In Morse v. Frederick, however, Justice Clarence Thomas said, "If parents do not like the rules imposed by those schools, they can seek redress in school boards or legislatures; they can send their children to private schools or home school them; or they can simply move."Can I get an "amen?" I have sincere doubts about this particular Supreme Court ruling, but Justice Thomas is completely correct here.
Smith rightly points out that parents give up a lot when packing their kids off to the local government school, that the courts have already decided that schools have "in loco parentis" authority over children. Once you sign your kid up for school, you cede much authority to the school officials.
The clearest explanation of this view was expressed by the 9th Circuit Court of Appeals in Fields v. Palmdale, when it said, "While parents may have a fundamental right to decide whether to send their child to a public school, they do not have a fundamental right generally to direct how a public school teaches their child." (emphasis added)Let's consider the implications of that last quotation for a moment. When you send your kid to government school, you "do not have a fundamental right" to question the government-approved curriculum, the hours the school keeps, the amount of break time (if any) your kid gets, the government-approved teacher your child has. Of course, you can challenge the schools and many parents do so successfully, but it's important to remember that you "do not have a fundamental right" to do so. If you want to reserve that right, then send your kid to private school or homeschool them.
A concern I've had is the blurring of that "in loco parentis" line in the realm of discipline, where the schools are disciplining kids for infractions off school property and sometimes not even during school hours. ("Bong Hits 4 Jesus" kid was not actually on school property when he unfurled his banner.) Do the schools have "in loco parentis" over parents? Some (and I would say most) schools are certainly aiming for that kind of power, such as the school in Illinois who tried to have graduating seniors denied their diplomas as a punishment for their unruly families. Other schools will punish the parents for skipping meetings or (in the UK, but don't worry, I'm sure it's coming here) for the child's poor behavior in the classroom. Makes sense, given that government programs never shrink, they grow ever bigger and more expensive as those that run them become more convinced that they know what's better for us than we do.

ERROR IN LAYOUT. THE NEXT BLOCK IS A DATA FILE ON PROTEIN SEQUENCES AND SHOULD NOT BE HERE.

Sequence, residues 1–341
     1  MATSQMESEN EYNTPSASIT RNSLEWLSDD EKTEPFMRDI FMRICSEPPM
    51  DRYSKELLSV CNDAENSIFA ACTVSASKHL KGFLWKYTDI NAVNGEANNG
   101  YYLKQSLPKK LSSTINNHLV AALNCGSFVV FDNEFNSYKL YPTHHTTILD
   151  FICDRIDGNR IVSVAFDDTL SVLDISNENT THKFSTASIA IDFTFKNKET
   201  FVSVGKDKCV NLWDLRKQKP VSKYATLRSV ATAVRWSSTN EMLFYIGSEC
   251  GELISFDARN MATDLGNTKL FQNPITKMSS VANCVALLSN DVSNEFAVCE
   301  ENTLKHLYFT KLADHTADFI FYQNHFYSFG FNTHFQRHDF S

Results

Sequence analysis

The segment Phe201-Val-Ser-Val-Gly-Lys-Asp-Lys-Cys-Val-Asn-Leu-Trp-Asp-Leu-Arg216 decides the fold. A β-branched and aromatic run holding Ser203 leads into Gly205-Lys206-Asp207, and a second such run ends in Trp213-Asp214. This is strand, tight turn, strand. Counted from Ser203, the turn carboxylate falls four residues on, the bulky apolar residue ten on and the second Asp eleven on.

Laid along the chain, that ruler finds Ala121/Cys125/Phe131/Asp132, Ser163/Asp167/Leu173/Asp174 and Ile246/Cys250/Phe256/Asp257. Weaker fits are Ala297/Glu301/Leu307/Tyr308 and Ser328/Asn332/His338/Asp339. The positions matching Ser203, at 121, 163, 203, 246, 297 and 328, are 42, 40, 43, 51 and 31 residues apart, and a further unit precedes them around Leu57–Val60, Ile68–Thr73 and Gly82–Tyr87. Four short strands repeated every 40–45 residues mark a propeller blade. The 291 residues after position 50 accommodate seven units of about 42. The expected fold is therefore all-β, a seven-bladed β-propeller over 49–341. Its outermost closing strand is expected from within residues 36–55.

So, even as the government schools expropriate more authority from parents and secure more power for themselves, it's reassuring to see that SCOTUS has explicitly acknowledged the homeschooling alternative.
*I do not support HSLDA in any way, shape, or form. 15-20 years ago, this organization was dedicated to ensuring the rights of parents to homeschool and was instrumental in securing legislation protecting those rights in many states. They did a phenomenal job. Today, HSLDA is primarily concerned with protecting the rights of evangelical Christian homeschoolers and promotes its agenda by sponsoring unnecessary legislation in the name of all homeschoolers. It is strongly affiliated with a Christian college. Unfortunately, many people, including our lawmakers, seem to be under the impression that HSLDA is a legitimate voice for the entire homeschooling community, and I believe that HSLDA has done its best not to disabuse them of that notion. HSLDA has morphed from an organization that promoted individual rights into an organization that promotes its own best interests, which are diametrically opposed to my own, of course. Still, they get it right occasionally.